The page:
Unabomber News History

Copyright 1993 The Times Mirror Company  

Los Angeles Times

October 7, 1993, Thursday, Home Edition

SECTION: Part A; Page 18; Column 1; National Desk

LENGTH: 631 words





   Federal investigators, acknowledging that they have no viable suspects in a series of university faculty bombings, revealed a new clue Wednesday and offered a $1-million reward for information that will help them catch and convict those responsible.

The clue is a telephone call reminder believed to have been written by the bomber around the time of the latest mail bombings in June: "Call Nathan R -- Wed 7 PM."

FBI Director Louis J. Freeh said that "Nathan R" may be innocently associated with the culprit and urged him or others with knowledge to call a toll-free number (1-800-701-BOMB).

Freeh appeared with Ronald K. Noble, assistant Treasury secretary for enforcement, and the heads of the Alcohol, Tobacco and Firearms Bureau and the chief postal inspector. The agencies formed a task force last June to crack the 14 bombings that have killed one person and injured 23 others since 1978.

George Clow, the FBI inspector who heads the Unabomb task force -- so named because incidents have occurred at universities and on an airliner -- declined to explain how the note was unearthed on grounds that it could interfere with the investigation.

But other sources indicated that the telephone reminder was somehow linked to a letter sent to the New York Times in June discussing the bombings and including the initials "FC," which have also been engraved in the bombs that have survived the blasts. The letter was postmarked after the packages containing the bombs were sent but before they exploded.

The letter described its author as "an anarchist group calling ourselves FC" and promised "information about our goals at some future time." Clow said that information has not been provided, leading investigators to fear that the bomber will strike again.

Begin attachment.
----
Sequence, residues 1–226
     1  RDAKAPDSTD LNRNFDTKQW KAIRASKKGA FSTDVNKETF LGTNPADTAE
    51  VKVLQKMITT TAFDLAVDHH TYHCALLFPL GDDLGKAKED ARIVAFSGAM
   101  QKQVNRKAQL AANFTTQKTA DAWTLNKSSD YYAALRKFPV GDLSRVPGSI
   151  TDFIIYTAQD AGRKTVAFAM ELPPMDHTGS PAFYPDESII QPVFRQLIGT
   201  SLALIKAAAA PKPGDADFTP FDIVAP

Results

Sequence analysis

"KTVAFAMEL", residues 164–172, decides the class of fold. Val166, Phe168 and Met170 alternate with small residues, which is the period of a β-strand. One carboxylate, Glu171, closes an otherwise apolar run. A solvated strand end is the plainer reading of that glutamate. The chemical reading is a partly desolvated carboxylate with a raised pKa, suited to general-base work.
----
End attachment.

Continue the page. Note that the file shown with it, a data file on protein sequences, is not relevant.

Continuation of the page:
Noble, who recently took a leave of absence from New York University School of Law, described "the apprehension faculty members and students throughout our country feel about the random bombs that have struck campuses in California, Michigan, Tennessee, Illinois and Connecticut."

Although he declined to discuss other leads investigators are pursuing, Clow released a psychological profile of the "unabomber" drawn up by ATF and FBI experts.

The profile, described by Clow as "a best guess," described the culprit as a white male loner in his late 40s or early 50s, probably an obsessive-compulsive person who has difficulties forming personal relationships. The bomber, according to the profile, is neat and rigid, with a macabre sense of humor. He may appear to be a "nice guy" and not apparently predisposed to violence.

Investigators also depicted the individual as needlessly buffing and polishing for many hours the parts he used in assembling the bombs.

The profile saw the likely suspect as trained or educated in explosives, electronics and woodworking and knowledgeable about the areas where the bombs have been planted or mailed. They include San Francisco, Oakland, Berkeley, Tiburon and Sacramento in California; Chicago and Evanston in Illinois; Salt Lake City; Nashville; Auburn, Wash.; Ann Arbor, Mich., and New Haven, Conn.

The only known sighting of a suspect took place in Salt Lake City in 1987 when a witness spotted a man placing a bomb behind a computer store. He was described as a white male with a ruddy complexion and blond to red hair. A composite sketch was drawn but produced no results and now is thought to be of limited value because six years have elapsed, task force officials said.

Clow would not discuss theories the investigators have developed for the six-year gap that separated the first 12 bombings from the two in June. But he said investigators are exploring the possibility that the bomber was imprisoned or otherwise out of circulation during those years.